NEW YORK — Italian knitwear company Marina Spadafora is coming back to the U.S. next spring, after being out of the scene for about two years.
While designer Marina Spadafora never stopped producing the family owned line in Italy, which originated in 1987, the relaunch here marks its first time back in America after she took some time off to raise her family. This spring also marks the start of Spadafora designing the 77-year-old bridge line Gispa, which has a more relaxed style and look to appeal to a wide range of consumers. Gispa never left U.S. stores, even when the Marina Spadafora line went on sabbatical.
To be more retail friendly in these hard-pressed economic times, the company has lowered the prices on Marina Spadafora and is aiming to break in at bridge prices. Prices wholesale are from $89 for a cotton rayon T-shirt, $115 for a novelty basket weave cardigan and $215 for a knit jacket.
The Italian-made collection focuses on cotton and rayon knits and wovens, and spans about 90 pieces. The goal is to open in about 20 upscale specialty stores. First-year sales volume is set at about $500,000. For Gispa, annual volume is about $3 million.
"In Europe, Marina Spadafora is classified as designer, but she wanted to try and be more realistic with prices here," said Karin Reiter, national sales director, noting the American line parallels the Italian collection. "With everything going on in the U.S. right now, she wanted to be more flexible. But it will still be the high-end of bridge."
In the late Eighties, retailers like Henri Bendel and Bergdorf Goodman carried the Marina Spadafora line, and Gispa is sold at Saks Fifth Avenue, Neiman Marcus Direct and Nordstrom.
“Azzedine has been one of the biggest influences in my life. He has always been such a strong, loving, fatherly figure to me. I call him Papa. His designs are indescribably unique, they are pieces of art. He knew how to make the female form look its loveliest. I have so many memories of him; my favorite might be during my first show with him in Paris. He liked me and he wanted to help me get more work. He called all his friends at Kenzo and Comme des Garcons, and asked them to book me. They said, ‘But she can’t walk!’ And he said, ‘but she has such a great ass!' His friendship and support has been the great privilege of my career. I can't imagine life without him. Repose en paix mon Papa.” - @stephanieseymour tells @wwd. #wwdfashion (📷: @steveeichner) #alaia #azzedinealaia
Azzedine Alaïa, flanked by two of his closest friends, models Stephanie Seymour and Naomi Campbell.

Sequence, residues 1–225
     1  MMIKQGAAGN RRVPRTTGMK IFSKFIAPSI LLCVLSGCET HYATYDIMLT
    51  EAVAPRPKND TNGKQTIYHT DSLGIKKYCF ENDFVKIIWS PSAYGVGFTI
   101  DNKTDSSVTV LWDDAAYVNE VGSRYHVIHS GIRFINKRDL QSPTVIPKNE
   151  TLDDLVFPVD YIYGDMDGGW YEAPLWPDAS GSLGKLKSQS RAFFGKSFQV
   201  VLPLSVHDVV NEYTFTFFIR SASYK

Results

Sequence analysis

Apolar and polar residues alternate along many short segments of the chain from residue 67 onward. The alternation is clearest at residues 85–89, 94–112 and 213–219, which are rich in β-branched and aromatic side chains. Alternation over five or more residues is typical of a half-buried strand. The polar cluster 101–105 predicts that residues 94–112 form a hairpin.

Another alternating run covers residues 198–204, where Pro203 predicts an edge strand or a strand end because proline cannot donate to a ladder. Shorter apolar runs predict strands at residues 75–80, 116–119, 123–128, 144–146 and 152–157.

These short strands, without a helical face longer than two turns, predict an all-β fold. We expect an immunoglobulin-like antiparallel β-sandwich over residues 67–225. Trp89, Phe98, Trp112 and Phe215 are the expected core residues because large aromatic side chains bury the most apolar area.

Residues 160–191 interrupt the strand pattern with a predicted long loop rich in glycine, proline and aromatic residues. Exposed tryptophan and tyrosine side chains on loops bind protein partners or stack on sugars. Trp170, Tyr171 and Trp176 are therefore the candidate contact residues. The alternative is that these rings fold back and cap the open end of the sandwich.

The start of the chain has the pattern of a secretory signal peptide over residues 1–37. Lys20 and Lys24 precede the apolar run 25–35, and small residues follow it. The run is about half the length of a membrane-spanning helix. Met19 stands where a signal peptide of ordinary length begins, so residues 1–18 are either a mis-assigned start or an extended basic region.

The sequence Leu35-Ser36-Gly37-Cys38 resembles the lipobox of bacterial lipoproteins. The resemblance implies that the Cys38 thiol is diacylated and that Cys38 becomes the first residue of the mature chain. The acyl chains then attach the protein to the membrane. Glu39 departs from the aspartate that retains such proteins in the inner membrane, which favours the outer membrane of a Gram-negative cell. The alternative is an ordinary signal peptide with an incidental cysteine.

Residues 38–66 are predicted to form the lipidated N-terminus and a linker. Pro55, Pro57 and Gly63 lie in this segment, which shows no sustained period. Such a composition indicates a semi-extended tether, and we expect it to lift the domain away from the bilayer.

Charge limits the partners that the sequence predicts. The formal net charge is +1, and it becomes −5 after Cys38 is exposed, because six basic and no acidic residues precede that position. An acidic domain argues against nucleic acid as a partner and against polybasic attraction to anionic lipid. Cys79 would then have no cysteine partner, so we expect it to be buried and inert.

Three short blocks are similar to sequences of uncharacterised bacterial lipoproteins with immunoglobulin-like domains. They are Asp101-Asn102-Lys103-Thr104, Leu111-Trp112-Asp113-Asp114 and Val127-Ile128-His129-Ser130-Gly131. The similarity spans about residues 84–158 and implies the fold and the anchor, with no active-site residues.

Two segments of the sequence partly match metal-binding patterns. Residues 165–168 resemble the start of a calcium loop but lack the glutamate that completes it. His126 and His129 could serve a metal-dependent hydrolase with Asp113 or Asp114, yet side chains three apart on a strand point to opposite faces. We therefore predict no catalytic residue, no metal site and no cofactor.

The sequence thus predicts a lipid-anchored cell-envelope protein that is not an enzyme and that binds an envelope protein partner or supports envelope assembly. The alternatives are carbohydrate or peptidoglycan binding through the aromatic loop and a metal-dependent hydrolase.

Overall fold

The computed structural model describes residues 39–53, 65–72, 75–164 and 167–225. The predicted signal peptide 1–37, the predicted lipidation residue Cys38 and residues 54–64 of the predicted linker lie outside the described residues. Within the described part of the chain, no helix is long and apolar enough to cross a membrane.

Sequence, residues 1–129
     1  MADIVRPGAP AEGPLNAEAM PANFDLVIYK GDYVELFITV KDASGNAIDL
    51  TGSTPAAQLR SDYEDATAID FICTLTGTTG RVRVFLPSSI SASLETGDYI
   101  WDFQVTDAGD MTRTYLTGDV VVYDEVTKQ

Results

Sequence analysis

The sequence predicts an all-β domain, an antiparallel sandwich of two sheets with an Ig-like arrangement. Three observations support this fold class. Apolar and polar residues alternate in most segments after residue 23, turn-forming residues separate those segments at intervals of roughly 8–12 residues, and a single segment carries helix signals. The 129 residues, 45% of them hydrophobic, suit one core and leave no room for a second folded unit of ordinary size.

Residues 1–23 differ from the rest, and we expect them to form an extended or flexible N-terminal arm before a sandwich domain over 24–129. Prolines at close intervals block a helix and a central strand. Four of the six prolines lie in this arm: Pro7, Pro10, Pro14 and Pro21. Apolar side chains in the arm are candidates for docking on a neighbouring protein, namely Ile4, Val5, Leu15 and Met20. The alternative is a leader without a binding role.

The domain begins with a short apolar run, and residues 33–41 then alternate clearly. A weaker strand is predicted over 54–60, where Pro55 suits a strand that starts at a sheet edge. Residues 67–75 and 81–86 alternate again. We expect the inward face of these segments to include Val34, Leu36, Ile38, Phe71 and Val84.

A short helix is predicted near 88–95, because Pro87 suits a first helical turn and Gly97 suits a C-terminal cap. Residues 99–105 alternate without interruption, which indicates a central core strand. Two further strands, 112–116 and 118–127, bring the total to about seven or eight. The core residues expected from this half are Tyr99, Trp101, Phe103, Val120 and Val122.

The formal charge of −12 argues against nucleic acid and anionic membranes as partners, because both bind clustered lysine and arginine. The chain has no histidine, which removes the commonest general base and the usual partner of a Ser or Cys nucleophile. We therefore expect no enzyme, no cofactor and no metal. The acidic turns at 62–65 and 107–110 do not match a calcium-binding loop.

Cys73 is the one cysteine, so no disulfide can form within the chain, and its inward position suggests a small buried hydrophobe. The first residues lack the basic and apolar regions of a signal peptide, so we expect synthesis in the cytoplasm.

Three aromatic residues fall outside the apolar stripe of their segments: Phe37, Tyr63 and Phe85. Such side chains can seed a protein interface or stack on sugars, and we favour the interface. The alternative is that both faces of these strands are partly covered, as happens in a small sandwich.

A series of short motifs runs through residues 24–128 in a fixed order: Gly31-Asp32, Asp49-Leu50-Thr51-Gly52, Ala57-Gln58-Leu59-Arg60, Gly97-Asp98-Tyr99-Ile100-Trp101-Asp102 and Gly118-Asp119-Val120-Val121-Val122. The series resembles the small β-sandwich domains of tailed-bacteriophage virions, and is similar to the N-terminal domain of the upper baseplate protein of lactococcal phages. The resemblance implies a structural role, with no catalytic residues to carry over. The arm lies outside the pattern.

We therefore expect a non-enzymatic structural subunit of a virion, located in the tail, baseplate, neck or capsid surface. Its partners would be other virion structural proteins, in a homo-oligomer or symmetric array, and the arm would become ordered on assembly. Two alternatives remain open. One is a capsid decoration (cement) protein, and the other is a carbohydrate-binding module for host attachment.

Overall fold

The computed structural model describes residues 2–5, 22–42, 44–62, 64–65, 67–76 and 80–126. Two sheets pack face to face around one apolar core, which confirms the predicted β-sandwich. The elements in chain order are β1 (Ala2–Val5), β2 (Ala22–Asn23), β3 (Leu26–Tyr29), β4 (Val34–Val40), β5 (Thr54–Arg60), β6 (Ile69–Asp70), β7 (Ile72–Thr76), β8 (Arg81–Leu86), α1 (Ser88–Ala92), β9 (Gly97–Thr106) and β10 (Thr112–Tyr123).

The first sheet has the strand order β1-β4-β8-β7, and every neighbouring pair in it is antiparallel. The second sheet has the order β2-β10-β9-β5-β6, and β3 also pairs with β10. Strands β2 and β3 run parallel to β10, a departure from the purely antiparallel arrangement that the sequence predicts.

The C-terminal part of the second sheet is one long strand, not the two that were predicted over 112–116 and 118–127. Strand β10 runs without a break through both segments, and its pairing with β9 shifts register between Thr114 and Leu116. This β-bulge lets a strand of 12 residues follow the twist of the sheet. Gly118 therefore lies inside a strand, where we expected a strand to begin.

He designed Seymour’s dress for her 1995 wedding to Peter Brant, and treated Campbell (who famously called him Papa), like a daughter. For more on the legendary designer, tap the link in bio. #wwdfashion #alaia #azzedinealaia
Azzedine Alaïa's “I-did-it-my-way” ethos stood out starkly at a time when brands are experimenting with consumer-facing fashion shows, coed formats and trans-seasonal collections – anything to perk up lackluster sales of ready-to-wear in an age of Insta-everything. “It’s not creation anymore. This becomes a purely industrial approach,” the late designer told WWD in an interview last year. “But anyway, the rhythm of collections is so stupid. It’s unsustainable. There are too many collections.” Read more about the iconic designer’s life and work on wwd.com, link in bio. #wwdfashion #azzedinealaia (📷: @WWD Archive, 1986) #alaia
Sneaker reselling app @goat’s latest exhibit, "The Greatest: New York," tells the story of New York's sneaker culture. To celebrate the exhibit, an intimate crowd gathered on Thursday night at the pop-up gallery space, located at Platform in Culver City, to hear guest speaker and illustrator @esymai talk about her own rise in streetwear and women in the business. "For me I'm just someone who is creative. I like to create things," said Chang. #wwdfashion
Azzedine Alaïa, one of the most iconic couturiers of the modern era whose body-con designs defined Eighties fashion, has died in Paris. The diminutive Tunisian-born designer, known for his structured knitted dresses with fitted waists and impeccably cut, figure-hugging second skin silhouettes was deeply admired by his peers, and counted supermodel Naomi Campbell - his adoptive daughter - among his inner circle, one of a gang of glamazons including Farida Khelfa, Carla Bruni and Stephanie Seymour who became ambassadors of his style. (📷: Alexandre Guirkinger) #wwdblast